When we first became introduced to MADSAKI’s work, he was gaining critical and cultural attention with his Wannabie’s series, crude, graffiti-like interpretations of classic and famed artworks from the history books. Your Renoirs, Jasper Johns, even Matisses. The effect of that series was to seriously break down our conceptions of what makes a Master, who controls our cultural capital and how we elevate artists to speak for our eras of existence. It was also a play on simply understanding the psyche and lexicon of art, and as a child of the 1980s and a child of immigration in America, MADSAKI was speaking for a generation of us—although we appreciated art for what it was, we were not invested or allowed to dictate the images that were thrust upon us to “stand the test of time.”

 Of course, adolescence is a confusing time, no matter where you live or what culture you identify with. I often think about a conversation we had with Osaka-born, New Jersey raised artist MADSAKI when he spoke of his family’s move from Japan to the East Coast of the U.S. He literally thought he could just… ride his bike back to Japan. Distance was just an abstraction to his young mind. The language and cultural barrier was clearly a hurdle, and although MADSAKI used art to gain acceptance amongst his peers, there was even an abstracted understanding of the burgeoning pop-culture appetite that was taking hold of America in the early 1980s. This almost fuzzy comprehension of Americana through the eyes of a kid from Japan, raised in the heart of Northern Jersey, has been at the core of MADSAKI’s work for years. He has traversed art history and pop through a lens almost messy and naive, yet so poignantly conceptual. Even in this almost intentional naivety, the work is a sophisticated look at the ways we understand culture and cultural immersion. Years ago, in a conversation in Juxtapoz, MADSAKI said, “You know me. I do stupid things with seriousness.” When we think of MADSAKI’s work, there is a tendency to go back to our grade school days and think of how our experiences within American pop culture were both fascinating and overwhelming. His recent collaboration with Mattel and the He Man and the Masters of the Universe series was both brilliant nostalgia and jarring subversion; a core trait of the best MADSAKI works.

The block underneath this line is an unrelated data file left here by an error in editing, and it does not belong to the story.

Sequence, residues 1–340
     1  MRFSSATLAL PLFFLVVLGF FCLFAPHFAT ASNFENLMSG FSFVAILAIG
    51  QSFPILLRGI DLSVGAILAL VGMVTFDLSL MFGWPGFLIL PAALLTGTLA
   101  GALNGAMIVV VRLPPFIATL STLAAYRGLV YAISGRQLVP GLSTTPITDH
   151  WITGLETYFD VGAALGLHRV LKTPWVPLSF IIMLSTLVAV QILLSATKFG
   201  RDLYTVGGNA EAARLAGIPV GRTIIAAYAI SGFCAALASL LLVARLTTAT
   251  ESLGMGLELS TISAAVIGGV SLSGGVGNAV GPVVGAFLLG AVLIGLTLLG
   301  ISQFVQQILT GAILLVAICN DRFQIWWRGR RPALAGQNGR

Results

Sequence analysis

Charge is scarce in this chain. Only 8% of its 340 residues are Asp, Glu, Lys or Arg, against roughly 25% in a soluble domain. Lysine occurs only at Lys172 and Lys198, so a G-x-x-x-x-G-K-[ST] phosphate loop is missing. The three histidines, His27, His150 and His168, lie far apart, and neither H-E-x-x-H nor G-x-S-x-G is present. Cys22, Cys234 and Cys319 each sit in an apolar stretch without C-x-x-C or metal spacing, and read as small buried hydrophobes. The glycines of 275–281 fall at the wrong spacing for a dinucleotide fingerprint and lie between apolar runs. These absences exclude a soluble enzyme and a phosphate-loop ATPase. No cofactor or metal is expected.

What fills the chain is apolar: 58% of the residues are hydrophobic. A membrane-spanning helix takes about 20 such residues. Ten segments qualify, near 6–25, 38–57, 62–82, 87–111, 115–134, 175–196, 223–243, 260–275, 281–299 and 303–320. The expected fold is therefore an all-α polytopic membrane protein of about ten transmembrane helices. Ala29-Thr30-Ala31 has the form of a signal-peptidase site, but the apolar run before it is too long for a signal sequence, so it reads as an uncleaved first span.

This spring, MADSAKI returns to NYC for his first solo show in Manhattan, Hello Darkness, My Old Friend (I’ve come to talk with you again), on view at Perrotin, years after living in the city before returning to Japan. The show is a culmination of his “own diasporic experiences of both intense alienation and belonging,” as well as an incredible insight into our collective history of the iconic touchstones that have somehow been submerged into our consciousness. Although a deeply personal show, it makes clear that MADSAKI is also speaking to a larger theme of America’s long, tumultuous relationship with immigration, the blurred lines of humor and pain and a navigation of our memories of past trauma and triumph. —Evan Pricco